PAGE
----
Production of ROS during alcohol-induced liver injury is the major causative factor for the liver damage . To address this point, experiments were performed to measure lipid peroxidation (MDA), SOD and GSH content in liver tissues of the control and the experiment group. Lipid peroxidation (MDA) were significantly increased by 2.4-fold in alcohol-treated tissues as compared to control. Alcohol-treated liver tissue exhibited 1.6-fold less SOD and 5.1-fold less GSH compared to untreated ones (Table 3). Moreover, pretreatment with ZYQL enhanced the activities of antioxidant enzyme (SOD), increased the antioxidant content (GSH), and diminished the amount of lipid peroxide (MDA) against the alcohol-induced hepatotoxicity in these animals, suggesting that the activity of antioxidant and decreasing the formation of lipid peroxidation may plays a role in the mechanism of its hepatoprotective effects.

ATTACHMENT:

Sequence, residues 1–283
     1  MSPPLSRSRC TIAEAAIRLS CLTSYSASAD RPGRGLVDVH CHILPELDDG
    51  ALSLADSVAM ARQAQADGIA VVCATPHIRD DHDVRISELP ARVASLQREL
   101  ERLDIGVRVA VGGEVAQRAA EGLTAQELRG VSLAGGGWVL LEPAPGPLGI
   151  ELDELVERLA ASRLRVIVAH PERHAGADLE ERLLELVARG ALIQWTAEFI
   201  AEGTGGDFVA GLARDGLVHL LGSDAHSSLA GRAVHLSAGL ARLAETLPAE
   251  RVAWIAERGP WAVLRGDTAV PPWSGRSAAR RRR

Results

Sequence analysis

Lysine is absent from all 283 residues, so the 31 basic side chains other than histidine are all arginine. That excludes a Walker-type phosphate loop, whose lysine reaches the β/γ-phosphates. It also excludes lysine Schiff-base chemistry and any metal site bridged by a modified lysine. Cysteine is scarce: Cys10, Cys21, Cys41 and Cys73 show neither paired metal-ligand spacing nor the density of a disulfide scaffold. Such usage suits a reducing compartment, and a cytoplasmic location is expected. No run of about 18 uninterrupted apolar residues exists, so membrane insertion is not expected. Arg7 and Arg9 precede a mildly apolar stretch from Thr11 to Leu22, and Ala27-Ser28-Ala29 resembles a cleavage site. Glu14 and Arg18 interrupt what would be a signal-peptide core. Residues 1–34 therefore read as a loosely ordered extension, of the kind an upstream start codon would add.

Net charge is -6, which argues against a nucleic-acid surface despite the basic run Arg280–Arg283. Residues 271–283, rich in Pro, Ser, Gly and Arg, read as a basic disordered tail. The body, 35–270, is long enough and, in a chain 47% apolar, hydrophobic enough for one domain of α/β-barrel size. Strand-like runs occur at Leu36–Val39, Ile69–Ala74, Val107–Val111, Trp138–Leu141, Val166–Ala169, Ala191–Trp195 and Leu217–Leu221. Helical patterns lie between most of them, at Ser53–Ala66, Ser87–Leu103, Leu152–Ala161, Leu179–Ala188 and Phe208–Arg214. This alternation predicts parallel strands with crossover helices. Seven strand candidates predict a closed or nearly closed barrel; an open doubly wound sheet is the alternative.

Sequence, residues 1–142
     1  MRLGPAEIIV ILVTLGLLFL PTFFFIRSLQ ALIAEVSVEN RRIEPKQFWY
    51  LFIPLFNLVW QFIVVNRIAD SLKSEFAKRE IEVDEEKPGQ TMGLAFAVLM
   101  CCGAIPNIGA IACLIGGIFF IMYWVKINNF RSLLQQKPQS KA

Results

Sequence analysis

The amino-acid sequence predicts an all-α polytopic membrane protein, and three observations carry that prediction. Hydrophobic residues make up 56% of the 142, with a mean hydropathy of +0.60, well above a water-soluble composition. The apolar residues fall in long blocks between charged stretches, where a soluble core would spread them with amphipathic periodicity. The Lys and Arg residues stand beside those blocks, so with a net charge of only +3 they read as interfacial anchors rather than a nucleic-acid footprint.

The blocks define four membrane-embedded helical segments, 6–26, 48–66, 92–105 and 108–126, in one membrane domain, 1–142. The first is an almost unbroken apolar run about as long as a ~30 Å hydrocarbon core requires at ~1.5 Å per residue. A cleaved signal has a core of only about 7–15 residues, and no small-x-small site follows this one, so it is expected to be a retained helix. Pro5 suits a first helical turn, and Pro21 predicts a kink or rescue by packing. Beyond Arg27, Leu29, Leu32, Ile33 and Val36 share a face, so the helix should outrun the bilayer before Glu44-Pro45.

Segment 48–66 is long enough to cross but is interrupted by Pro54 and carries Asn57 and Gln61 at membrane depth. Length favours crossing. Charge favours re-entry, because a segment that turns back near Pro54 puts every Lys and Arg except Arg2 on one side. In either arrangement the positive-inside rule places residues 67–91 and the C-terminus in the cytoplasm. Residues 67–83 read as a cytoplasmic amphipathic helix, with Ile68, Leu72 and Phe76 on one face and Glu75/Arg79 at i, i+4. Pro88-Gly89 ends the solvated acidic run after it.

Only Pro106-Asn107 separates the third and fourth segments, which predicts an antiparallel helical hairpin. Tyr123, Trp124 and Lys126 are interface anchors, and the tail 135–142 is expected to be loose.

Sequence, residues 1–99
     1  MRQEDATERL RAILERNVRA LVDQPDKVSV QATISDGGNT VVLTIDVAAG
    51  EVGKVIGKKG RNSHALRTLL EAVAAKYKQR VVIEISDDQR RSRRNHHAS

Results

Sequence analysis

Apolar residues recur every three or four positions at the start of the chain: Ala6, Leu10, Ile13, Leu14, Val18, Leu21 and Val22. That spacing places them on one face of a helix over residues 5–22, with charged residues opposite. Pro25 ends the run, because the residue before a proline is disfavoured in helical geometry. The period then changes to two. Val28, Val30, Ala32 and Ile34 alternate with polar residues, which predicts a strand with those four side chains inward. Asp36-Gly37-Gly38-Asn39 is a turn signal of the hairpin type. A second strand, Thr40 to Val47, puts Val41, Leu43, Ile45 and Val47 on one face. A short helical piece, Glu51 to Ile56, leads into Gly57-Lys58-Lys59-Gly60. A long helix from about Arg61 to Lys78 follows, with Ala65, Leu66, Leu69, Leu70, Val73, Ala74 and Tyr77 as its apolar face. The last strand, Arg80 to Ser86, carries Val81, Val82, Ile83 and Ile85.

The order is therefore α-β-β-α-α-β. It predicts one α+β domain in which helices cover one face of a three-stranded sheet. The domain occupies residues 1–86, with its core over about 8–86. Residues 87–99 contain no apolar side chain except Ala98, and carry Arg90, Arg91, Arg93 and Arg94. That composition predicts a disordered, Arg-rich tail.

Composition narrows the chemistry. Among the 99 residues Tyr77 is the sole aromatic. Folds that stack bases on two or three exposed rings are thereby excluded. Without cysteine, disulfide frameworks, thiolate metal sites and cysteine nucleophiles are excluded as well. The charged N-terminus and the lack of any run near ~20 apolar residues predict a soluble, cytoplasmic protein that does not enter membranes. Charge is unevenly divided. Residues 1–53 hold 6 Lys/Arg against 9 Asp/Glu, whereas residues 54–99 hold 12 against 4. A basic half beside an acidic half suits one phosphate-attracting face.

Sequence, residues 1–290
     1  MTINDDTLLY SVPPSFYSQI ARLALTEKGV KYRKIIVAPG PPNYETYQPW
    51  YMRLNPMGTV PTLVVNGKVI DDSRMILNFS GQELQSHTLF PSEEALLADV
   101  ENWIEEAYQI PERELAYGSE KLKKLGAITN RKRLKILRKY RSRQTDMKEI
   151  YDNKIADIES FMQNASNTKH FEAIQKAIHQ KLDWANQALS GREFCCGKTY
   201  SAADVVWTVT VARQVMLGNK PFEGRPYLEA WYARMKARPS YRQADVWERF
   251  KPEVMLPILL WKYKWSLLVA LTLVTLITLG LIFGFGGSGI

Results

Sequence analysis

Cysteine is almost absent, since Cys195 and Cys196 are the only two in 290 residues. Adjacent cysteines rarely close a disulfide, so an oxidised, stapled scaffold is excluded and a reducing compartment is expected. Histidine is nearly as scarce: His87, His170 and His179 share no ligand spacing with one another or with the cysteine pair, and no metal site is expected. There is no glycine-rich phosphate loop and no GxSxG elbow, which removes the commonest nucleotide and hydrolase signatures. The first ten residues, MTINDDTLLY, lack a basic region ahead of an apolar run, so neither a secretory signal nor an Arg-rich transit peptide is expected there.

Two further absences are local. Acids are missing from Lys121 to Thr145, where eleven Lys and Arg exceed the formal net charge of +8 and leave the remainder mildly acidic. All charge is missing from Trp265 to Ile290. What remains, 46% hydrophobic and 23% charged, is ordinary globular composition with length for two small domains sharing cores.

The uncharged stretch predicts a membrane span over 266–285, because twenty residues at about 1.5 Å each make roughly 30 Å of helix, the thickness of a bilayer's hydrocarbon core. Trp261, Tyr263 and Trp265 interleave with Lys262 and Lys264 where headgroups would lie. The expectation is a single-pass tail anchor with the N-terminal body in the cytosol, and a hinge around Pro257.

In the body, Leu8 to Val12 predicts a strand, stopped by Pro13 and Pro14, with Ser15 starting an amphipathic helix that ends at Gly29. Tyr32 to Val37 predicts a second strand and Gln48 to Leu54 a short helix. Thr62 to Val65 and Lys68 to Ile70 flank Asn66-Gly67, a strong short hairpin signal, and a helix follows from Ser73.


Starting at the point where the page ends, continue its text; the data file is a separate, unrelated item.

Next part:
Tumor necrosis factor (TNF-α)-α is a central proinflammatory cytokine, and it has been suggested that it is important in the development of alcohol induced liver injury . Because TNF-α is produced predominantly by the monocyte macrophage lineage and the major population of this lineage in the liver is Kupffer cells , increased production of TNF-α by activated Kupffer cells may be responsible for alcoholic hepatitis. Recent studies have shown that inhibition of TNF-α could decrease in the amount of hepatic fatty storage in alcohol-treated mice . In the present study, the effects of TNF-α in the damaged liver was evaluated by immunohistochemistry. Compared to the control group, treated with alcohol upregulated the expression of TNF-α, while pretreatment with ZYQL downregulated the expression of TNF-α compared to the alcohol-intoxicated group.